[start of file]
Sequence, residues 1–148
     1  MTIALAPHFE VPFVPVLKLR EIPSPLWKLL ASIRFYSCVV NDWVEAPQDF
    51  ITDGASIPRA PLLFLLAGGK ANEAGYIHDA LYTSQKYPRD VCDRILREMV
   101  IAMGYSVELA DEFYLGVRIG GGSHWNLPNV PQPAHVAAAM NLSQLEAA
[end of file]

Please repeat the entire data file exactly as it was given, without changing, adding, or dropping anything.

Sequence, residues 1–148
     1  MTIALAPHFE VPFVPVLKLR EIPSPLWKLL ASIRFYSCVV NDWVEAPQDF
    51  ITDGASIPRA PLLFLLAGGK ANEAGYIHDA LYTSQKYPRD VCDRILREMV
   101  IAMGYSVELA DEFYLGVRIG GGSHWNLPNV PQPAHVAAAM NLSQLEAA